In Season, Part II: BLTs

Photo: Hannah Whitaker/New York Magazine

Frankies Spuntino
Frankies might be better known for its meatball and eggplant-parmigiana sandwiches, but its lunch-only BLT is top-notch, too ($9). The thick-cut bacon is from Faicco’s, the heirloom tomatoes come courtesy of the Greenmarket, and the mayo is Hellmann’s. It’s served on crisped-up Grandaisy Bakery pizza bianca (457 Court St., nr. Luquer St., Carroll Gardens, 718-403-0033; and 17 Clinton St., nr. E. Houston St., 212-253-2303).

This interpretive take ($14) is all about the love apples: a multicolor tower of red, green, and yellow heirloom slices, layered with thin, crisp sheets of pancetta, some wild arugula, and an unbridled slathering of homemade mayonnaise. No bread. There’s even a stack of cult tomato farmer Tim Stark’s new memoirs for sale in the foyer (328 W. 12th St., at Greenwich St.; 212-924-3413).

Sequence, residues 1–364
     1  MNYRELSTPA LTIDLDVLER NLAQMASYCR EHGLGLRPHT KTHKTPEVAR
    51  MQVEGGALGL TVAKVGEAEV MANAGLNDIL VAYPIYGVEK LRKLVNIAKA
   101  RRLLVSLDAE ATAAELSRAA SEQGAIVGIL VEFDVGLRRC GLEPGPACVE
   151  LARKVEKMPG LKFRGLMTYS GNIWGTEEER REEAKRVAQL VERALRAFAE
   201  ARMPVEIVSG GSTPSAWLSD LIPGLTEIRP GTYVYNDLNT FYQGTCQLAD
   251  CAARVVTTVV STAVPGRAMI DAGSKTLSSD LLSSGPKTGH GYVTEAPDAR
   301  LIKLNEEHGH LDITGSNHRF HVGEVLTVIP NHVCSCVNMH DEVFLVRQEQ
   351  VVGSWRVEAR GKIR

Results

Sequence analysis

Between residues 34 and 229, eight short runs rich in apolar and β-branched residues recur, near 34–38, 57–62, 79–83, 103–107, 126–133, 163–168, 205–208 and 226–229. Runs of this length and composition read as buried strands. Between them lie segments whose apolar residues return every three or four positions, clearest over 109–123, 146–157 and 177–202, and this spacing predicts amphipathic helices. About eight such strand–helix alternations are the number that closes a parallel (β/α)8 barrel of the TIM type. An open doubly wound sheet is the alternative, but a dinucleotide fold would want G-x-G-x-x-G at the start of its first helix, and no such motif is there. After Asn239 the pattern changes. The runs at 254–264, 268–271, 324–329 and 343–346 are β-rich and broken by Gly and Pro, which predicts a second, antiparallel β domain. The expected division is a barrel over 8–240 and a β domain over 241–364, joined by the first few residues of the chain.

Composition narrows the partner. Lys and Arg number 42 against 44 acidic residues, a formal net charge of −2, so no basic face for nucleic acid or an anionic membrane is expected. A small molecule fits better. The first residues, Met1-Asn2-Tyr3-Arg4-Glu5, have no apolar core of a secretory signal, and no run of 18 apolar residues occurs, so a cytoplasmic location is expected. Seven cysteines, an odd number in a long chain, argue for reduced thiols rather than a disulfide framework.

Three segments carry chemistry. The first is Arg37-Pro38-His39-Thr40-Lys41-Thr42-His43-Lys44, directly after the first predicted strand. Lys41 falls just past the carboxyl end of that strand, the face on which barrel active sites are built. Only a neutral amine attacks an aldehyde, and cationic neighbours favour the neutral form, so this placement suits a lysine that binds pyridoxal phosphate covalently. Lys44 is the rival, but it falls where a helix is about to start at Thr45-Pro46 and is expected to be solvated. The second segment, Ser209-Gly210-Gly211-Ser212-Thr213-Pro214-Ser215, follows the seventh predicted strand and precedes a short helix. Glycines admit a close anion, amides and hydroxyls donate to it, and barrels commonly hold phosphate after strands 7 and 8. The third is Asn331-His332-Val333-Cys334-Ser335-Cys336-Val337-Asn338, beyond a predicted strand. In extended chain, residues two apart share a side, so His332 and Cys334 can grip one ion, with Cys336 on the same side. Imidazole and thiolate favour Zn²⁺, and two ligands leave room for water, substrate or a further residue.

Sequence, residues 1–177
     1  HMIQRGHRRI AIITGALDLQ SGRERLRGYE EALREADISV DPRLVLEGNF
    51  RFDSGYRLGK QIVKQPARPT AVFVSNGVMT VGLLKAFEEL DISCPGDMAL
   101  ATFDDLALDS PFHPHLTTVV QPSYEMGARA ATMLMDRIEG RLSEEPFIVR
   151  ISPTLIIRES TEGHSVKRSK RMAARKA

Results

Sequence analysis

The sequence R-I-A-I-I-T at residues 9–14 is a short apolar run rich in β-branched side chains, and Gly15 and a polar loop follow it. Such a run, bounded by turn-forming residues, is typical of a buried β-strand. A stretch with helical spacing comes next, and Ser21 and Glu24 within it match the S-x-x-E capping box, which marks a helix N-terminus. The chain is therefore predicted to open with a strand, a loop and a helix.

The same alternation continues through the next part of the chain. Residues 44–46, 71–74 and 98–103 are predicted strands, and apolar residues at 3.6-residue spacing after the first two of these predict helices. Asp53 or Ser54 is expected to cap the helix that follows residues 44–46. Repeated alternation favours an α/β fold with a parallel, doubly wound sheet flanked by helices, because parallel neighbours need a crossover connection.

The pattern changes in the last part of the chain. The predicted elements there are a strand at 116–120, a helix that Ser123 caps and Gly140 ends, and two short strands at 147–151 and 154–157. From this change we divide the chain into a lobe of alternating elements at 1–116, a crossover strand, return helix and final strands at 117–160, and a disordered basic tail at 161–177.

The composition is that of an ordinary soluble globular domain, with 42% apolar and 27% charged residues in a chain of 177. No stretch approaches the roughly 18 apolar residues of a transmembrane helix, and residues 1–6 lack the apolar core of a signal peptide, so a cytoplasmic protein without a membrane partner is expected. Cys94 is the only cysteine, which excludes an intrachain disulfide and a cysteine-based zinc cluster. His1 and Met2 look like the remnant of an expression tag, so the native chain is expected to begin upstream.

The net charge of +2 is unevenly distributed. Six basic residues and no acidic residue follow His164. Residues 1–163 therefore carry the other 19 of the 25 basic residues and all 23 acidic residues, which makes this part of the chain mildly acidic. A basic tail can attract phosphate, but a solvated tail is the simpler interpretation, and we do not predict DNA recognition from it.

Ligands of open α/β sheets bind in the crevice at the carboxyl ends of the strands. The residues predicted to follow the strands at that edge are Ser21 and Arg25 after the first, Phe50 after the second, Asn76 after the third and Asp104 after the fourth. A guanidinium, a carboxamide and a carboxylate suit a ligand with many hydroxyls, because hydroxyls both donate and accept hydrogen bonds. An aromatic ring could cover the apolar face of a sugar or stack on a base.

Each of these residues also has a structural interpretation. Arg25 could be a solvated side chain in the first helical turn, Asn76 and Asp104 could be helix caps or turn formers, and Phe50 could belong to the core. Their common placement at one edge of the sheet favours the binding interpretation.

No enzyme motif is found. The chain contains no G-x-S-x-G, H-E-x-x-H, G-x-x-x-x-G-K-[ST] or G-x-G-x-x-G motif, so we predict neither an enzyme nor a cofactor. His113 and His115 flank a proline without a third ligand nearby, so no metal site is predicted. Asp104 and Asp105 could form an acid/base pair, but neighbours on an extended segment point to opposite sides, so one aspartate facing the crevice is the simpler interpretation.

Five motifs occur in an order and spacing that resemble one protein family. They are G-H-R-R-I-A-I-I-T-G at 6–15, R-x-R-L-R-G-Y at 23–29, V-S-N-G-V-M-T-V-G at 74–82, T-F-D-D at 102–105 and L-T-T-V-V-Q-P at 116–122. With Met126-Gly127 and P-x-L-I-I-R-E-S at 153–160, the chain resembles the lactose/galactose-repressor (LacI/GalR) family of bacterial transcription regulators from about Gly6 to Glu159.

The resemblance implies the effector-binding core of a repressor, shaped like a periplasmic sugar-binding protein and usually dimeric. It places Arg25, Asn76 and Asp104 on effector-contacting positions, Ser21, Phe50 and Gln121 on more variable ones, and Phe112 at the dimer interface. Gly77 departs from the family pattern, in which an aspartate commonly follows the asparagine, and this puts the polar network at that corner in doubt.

Union Square Cafe
There are few better ways of celebrating your survival of a typically harrowing Saturday-afternoon excursion to the Greenmarket than with a stiff drink and a classic $13.75 BLT at the bar (21 E. 16th St., nr. Union Square W.; 212-243-4020).

Bar 89
An off-the-radar BLT for aficionados of the old school, with good balance and a proper crispy-crunchy-juicy interplay of textures, all in perfect proportion ($8.75, pictured). Flavorwise, the Nueske’s applewood-smoked bacon is out front (89 Mercer St., nr. Spring St.; 212-274-0989).

Believe it or not, there exists a lunatic BLT fringe group that swears by untoasted bread, but ’wichcraft has a compromise: The inside of the bread gets toasted to avert sogginess, the outside doesn’t ($9.75; several Manhattan locations; available through tomato season only).

In Season, Part II: BLTs